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# "Correct" gear cutter does not match gear profile (What did I do wrong?)

#### ecosta

##### Aluminum
Rookie question, I haven't touched gearing since high school, and even then I didn't quite understand it. I have to make a new gear for my Bridgeport shaper head. I did the math to find out what cutter I need, but when the cutter arrived, the profile was different than the gear. It's much smaller and not quite the same shape. This is a NOS cutter I got from eBay.

Here's my math:

It has (had) 13 teeth, with and OD of .75"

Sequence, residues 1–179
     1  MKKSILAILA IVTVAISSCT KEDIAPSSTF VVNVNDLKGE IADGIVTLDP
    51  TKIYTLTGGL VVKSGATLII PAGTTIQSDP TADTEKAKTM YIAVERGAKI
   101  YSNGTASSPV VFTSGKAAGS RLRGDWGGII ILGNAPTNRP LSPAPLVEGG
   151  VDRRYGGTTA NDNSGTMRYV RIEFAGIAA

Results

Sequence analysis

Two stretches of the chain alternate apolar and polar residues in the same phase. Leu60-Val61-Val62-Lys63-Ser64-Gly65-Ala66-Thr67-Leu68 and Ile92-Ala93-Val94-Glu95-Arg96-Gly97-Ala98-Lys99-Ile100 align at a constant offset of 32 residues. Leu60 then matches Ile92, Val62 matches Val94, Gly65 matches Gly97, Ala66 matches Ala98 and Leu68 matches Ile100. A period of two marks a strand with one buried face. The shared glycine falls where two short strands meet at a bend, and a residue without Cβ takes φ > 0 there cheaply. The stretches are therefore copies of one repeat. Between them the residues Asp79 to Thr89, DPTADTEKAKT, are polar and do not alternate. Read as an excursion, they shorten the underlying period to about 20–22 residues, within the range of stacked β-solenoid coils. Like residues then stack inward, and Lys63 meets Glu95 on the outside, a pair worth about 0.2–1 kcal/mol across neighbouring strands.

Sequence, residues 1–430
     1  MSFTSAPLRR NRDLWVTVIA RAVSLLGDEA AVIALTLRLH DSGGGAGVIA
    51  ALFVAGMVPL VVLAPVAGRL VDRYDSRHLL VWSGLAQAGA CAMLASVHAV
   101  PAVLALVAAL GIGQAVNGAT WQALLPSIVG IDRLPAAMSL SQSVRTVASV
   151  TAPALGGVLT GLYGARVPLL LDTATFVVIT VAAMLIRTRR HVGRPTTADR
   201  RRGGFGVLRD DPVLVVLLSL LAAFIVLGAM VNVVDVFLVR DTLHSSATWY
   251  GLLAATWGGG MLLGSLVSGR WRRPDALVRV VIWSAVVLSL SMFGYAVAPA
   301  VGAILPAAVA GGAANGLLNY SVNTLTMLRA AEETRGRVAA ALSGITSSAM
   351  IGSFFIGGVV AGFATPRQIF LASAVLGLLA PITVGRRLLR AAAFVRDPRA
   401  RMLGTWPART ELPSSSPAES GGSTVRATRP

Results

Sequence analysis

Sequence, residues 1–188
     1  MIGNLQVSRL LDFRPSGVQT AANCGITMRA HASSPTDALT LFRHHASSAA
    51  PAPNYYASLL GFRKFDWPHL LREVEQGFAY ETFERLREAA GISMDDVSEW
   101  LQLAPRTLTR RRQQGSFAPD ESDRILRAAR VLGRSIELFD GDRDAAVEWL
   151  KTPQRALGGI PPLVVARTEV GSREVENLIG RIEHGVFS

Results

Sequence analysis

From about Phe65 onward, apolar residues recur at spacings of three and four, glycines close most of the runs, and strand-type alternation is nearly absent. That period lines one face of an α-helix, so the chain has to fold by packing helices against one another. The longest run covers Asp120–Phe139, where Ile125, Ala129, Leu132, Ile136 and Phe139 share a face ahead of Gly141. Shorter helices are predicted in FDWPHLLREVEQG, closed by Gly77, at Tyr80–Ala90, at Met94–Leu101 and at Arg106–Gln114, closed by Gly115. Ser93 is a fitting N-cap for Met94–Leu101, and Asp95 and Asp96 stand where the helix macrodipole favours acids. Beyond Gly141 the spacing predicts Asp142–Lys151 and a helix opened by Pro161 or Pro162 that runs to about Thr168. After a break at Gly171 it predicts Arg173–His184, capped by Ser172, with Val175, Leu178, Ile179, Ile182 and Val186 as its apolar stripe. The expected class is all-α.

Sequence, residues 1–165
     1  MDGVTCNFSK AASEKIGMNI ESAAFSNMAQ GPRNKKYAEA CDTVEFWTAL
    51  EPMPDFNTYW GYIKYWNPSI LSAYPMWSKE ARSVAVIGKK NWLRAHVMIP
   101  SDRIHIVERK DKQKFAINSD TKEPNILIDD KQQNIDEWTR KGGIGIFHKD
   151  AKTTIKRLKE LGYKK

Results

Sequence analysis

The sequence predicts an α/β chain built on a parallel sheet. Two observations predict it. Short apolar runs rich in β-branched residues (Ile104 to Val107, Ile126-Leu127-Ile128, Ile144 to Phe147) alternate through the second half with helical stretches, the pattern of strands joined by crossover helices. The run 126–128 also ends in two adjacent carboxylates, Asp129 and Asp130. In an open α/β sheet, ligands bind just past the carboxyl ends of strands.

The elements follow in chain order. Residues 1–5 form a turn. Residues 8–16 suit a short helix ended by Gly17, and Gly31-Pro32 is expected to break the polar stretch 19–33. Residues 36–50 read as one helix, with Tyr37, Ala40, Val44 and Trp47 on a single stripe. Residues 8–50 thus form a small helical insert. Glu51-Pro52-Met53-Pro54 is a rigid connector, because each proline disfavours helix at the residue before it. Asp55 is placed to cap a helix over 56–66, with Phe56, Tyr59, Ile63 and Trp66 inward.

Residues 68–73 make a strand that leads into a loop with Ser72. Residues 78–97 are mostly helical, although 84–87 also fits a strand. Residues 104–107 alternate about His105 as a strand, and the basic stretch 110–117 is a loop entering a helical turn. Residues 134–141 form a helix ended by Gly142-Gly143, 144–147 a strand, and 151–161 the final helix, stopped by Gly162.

13 teeth +2 / .750
15 / .750 = 20DP

13 teeth = a #8 cutter (12-13 teeth)

So I ordered a #8 cutter with a 20DP, 14.5 pressure angle, but it's not right for the profile of the gear.

The only things I can think of is I did my math wrong? But I've double checked and thought everything was correct. OR it's because the gear cutter says BEVEL on it? Is the cutter I ordered for a bevel gear, not an involute gear?

I know the gear is hard to read on one side, it's does say 8 20DP BEVEL 14.5 pressure angle

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#### sfriedberg

##### Diamond
Yes, a big part of your problem is that is a cutter for bevel gears. There are several people here who will say there's no such thing as a bevel gear cutter, but I've seen shelves of WW2-vintage old stock gear cutters at Sam Mesher in Portland. About all that was left was odd-number diametral pitches and bevel gear cutters.